Many years ago when I was practicing law, I organized a company for one of the new car dealers in my area. I served as his legal counsel and a corporate officer for many years; then one of my sons took over my responsibilities as legal counsel. Later we were both at the dealer’s place of business. I noticed the rows of beautiful, shiny, gleaming, expensive new cars. Out of concern I mentioned to the proprietor that if he didn’t get the cars sold, financing charges would be exorbitant and eat up the profits. My son said, “Dad, don’t look at it that way. Look at all the profit the cars will bring.”
While I think he was more accurate than I, it suddenly came to my mind that my son had never been through a depression. We looked at the rows of cars through different eyes because I am a child of the Great Depression. I cannot forget what a merciless taskmaster debt is.
For some years we lived near a very skilled mechanic. He and his wife resolved never to go in debt. This resolution was born of a bitter memory. When they were newly married and had their small family, the Great Depression came along, and, as skilled as he was, he could not find a job. Their home mortgage was foreclosed, and they lived through the depression in a chicken coop, which was made reasonably comfortable because of his mechanical skills.
Many in today’s generation have not fully known nor appreciated the refining blessings of adversity. Many have never been hungry because of want. Yet I am persuaded that there can be a necessary refining process in adversity that increases our understanding, enhances our sensitivity, makes us more Christlike. Lord Byron said, “Adversity is the first path to truth” (Don Juan, canto 12, stanza 50). The life of the Savior and the lives of His prophets clearly and simply teach how necessary adversity is to achieve a measure of greatness.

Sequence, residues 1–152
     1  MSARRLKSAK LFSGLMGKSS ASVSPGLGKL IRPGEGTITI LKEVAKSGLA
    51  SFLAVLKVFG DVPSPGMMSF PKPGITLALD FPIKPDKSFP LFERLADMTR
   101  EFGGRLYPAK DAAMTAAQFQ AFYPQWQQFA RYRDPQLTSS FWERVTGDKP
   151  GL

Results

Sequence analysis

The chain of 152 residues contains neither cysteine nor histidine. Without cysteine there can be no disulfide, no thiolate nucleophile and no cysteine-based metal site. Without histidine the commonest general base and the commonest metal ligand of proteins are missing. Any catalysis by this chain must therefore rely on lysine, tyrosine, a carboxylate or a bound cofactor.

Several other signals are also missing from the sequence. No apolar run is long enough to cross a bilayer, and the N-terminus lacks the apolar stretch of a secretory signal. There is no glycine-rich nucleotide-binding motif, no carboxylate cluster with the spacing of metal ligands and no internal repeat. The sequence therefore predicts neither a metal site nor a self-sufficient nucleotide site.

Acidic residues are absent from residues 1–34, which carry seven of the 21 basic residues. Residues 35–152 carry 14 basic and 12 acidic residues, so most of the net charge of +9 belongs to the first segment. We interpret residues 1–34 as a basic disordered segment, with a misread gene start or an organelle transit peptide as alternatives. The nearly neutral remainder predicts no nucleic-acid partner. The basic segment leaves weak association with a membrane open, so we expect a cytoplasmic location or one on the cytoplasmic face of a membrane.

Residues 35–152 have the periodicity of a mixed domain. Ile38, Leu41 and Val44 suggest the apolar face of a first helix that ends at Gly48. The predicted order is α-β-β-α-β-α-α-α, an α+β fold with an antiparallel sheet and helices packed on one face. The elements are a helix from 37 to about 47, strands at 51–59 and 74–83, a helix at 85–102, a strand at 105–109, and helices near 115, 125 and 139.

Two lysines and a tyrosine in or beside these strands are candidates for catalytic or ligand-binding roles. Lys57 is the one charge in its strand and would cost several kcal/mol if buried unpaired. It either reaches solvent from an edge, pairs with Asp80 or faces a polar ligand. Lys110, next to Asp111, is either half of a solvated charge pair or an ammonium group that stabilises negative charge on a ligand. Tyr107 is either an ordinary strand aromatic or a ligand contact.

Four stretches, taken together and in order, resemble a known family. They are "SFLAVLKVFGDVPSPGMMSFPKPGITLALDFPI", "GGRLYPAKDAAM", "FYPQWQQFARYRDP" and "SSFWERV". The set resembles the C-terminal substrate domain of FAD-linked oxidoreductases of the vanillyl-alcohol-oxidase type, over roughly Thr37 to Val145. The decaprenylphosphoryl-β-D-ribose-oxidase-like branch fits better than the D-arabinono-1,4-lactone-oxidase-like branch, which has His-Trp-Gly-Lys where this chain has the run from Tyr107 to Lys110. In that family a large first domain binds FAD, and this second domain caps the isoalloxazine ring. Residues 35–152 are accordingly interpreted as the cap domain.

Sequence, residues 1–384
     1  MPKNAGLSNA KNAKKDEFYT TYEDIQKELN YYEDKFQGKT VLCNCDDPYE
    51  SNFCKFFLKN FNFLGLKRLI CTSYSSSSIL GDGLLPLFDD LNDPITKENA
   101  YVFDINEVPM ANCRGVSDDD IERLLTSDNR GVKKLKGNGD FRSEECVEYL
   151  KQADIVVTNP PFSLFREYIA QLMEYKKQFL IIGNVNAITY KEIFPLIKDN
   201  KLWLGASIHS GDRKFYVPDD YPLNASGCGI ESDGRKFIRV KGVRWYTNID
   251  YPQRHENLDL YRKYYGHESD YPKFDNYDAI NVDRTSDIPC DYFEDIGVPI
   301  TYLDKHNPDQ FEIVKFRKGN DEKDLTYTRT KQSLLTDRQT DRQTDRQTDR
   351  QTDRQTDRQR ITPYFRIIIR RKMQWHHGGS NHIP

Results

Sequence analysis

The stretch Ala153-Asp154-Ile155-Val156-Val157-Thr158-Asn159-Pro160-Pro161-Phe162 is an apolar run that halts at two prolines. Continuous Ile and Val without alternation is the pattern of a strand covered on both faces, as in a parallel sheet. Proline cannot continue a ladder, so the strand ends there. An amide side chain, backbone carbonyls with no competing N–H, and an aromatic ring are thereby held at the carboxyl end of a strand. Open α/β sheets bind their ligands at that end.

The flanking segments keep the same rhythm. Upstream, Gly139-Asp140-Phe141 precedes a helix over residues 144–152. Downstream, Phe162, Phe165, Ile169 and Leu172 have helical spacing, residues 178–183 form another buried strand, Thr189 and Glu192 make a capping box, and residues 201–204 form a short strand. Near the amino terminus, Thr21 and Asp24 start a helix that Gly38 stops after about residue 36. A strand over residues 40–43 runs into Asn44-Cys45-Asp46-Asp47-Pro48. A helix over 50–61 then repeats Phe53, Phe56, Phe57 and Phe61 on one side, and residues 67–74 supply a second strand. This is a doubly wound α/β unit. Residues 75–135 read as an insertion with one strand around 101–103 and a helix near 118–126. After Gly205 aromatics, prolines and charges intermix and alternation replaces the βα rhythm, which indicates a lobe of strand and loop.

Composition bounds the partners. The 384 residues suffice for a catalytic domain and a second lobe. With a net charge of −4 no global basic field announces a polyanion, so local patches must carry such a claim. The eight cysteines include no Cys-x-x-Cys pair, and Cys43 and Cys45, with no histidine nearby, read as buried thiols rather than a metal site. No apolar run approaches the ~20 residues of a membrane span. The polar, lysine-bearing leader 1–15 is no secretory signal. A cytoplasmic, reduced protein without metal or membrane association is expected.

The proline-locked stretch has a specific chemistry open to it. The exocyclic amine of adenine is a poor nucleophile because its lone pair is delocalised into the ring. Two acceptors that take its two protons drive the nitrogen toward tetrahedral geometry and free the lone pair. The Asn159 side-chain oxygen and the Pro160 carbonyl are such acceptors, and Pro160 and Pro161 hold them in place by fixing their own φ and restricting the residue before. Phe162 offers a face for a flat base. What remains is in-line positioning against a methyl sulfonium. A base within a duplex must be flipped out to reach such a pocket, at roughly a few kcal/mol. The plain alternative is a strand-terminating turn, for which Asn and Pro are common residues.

Edmund Burke defined the role of adversity well when he said: “Difficulty is a severe instructor, set over us by [one] who knows us better than we know ourselves, and he loves us better too. … He that wrestles with us strengthens our nerves, and sharpens our skill. Our antagonist is our helper. This … conflict with difficulty [makes us acquainted] with our object, and compels us to consider it in all its relations. It will not suffer us to be superficial” (“Reflections on the Revolution in France,” in Edmund Burke, Harvard Classics, 50 volumes , 24:299–300).
Many Saints throughout the world have a difficult time making ends meet; indeed, it may be very painful. From their standpoint it would be unkind to say that this experience may be good and may be remembered in more affluent times warmly and even with some fondness. One of my more successful cousins went through law school using much candlelight because he and his bride couldn’t afford electricity to light the rooms.
Years ago I read of an African-American man who rose from humble circumstances to become the general counsel of General Motors, without question one of the most lucrative and prestigious positions for a lawyer in all the world. As a boy he was poor; he was required to obtain his education through efforts that were heroic and under circumstances that were difficult in the extreme. He was required to work one and even two menial, dirty jobs regularly and, if I am not mistaken, occasionally three. He was asked if he felt uncomfortable among the highest-paid executives in the world. His answer was no. He said that most of them had been poor boys, like him, who had worked their way up being tested, challenged, threatened, and discouraged. Adversity is the refiner’s fire that bends iron but tempers steel.
President David O. McKay said: “There are those who have met disaster, which almost seems defeat, who have become somewhat soured in their natures; but if they stop to think, even the adversity which has come to them may prove a means of spiritual uplift. Adversity itself may lead toward and not away from God and spiritual enlightenment; and privation may prove a source of strength if we can but keep the sweetness of mind and spirit” (Treasures of Life, compiled by Clare Middlemiss , 107–8).